Benefits Seen with Selective Midline Episiotomy
Third-degree perineal lacerations are significantly less common with midline compared to routine episiotomy
MONDAY, March 24 (HealthDay News) -- In nulliparous women, selective midline episiotomy may help reduce the risk of third-degree perineal lacerations compared to routine episiotomy, according to the results of a study published in the March issue of the American Journal of Obstetrics & Gynecology.
Alexander Rodriguez, M.D., of the Antioquia University Medical School in Medellin, Colombia, and colleagues randomly assigned 446 nulliparous women with deliveries after at least 28 weeks of gestation to undergo either routine episiotomy or selective episiotomy, which was performed only in cases of forceps delivery, fetal distress, shoulder dystocia or when the attending physician anticipated a severe laceration.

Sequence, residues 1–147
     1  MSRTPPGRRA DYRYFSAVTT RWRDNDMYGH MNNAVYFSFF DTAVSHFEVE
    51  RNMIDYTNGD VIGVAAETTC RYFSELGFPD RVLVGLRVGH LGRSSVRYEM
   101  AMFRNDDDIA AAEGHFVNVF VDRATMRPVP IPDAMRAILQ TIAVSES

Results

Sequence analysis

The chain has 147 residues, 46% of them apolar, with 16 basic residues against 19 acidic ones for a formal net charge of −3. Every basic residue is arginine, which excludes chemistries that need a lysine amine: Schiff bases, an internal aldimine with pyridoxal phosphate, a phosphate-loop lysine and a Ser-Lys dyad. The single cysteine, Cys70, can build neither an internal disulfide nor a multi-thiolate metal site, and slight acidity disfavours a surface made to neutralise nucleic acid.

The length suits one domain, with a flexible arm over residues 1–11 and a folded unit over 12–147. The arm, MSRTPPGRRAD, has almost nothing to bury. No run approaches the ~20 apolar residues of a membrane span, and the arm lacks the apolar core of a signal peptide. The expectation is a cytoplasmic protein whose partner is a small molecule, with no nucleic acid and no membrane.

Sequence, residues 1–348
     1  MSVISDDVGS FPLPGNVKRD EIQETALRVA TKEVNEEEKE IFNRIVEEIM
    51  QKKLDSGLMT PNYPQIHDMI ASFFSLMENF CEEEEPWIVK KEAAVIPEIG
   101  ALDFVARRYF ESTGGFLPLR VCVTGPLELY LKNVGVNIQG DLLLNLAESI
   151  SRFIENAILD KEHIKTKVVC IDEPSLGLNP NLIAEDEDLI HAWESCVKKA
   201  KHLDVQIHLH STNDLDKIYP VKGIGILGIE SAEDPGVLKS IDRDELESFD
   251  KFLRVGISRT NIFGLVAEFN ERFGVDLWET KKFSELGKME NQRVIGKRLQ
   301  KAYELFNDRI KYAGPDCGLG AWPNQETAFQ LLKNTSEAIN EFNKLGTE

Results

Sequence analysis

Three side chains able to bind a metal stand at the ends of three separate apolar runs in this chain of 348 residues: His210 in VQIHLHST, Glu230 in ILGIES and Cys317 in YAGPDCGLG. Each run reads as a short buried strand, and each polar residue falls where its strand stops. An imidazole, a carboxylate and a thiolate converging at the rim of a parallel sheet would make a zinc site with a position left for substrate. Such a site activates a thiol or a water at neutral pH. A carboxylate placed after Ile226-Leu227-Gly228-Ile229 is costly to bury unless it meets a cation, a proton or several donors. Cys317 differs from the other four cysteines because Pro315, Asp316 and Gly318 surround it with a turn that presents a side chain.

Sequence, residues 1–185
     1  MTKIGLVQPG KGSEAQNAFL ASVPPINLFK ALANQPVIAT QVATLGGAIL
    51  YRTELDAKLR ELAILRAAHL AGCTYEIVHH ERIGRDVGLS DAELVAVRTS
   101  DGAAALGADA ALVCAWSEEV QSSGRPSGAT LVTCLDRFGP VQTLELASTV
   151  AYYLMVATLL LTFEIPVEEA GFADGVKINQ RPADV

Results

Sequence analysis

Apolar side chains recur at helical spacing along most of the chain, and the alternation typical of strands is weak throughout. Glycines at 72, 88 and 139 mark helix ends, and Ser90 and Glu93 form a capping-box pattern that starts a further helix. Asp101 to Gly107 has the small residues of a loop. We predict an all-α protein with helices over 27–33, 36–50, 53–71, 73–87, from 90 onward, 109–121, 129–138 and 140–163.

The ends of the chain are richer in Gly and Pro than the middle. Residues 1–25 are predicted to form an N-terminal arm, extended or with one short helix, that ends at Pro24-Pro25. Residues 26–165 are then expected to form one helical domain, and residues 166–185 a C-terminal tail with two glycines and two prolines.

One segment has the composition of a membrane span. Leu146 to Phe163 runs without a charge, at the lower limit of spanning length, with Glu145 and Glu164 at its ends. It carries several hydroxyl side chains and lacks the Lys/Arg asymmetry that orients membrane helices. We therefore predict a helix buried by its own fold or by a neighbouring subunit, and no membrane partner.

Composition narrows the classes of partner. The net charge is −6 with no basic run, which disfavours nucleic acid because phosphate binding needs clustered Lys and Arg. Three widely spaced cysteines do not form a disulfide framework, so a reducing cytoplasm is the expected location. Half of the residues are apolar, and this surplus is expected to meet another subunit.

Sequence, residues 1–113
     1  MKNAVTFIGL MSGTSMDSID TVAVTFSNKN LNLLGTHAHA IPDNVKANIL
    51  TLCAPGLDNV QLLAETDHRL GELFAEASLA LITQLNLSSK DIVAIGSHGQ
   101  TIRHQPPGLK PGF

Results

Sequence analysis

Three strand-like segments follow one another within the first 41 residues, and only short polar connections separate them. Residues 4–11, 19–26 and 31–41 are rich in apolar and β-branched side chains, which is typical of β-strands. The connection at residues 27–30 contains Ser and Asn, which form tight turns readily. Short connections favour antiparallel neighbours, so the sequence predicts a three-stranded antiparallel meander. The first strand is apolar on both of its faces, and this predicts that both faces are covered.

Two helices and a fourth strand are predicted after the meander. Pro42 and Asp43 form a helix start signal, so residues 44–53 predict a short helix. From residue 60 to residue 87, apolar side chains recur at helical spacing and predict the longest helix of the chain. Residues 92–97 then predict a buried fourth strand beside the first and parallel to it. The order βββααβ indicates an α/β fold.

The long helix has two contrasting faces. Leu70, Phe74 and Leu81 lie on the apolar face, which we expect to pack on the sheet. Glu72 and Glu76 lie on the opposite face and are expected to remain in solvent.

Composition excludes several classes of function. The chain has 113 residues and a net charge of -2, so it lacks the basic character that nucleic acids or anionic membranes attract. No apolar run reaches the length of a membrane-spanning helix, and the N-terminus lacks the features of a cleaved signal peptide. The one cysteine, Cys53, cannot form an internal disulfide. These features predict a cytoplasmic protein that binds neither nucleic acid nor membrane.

The researchers found that the rate of third- or fourth-degree perineal lacerations was significantly higher in patients who underwent routine episiotomy compared to those who underwent selective episiotomy (14.3 percent versus 6.8 percent). Further analysis showed that only the reduction in third-degree lacerations was significant. But they also found that periurethral, labia minora, and superficial vaginal lacerations were significantly more common in the selective episiotomy group.
"Our study is the first randomized clinical trial in the world comparing the routine use of midline episiotomy versus the use of selective midline episiotomy in nulliparous patients in the prevention of third- and fourth-degree lacerations," the authors conclude. "We recommend performing selective episiotomy in all birth centers when caring for nulliparous women."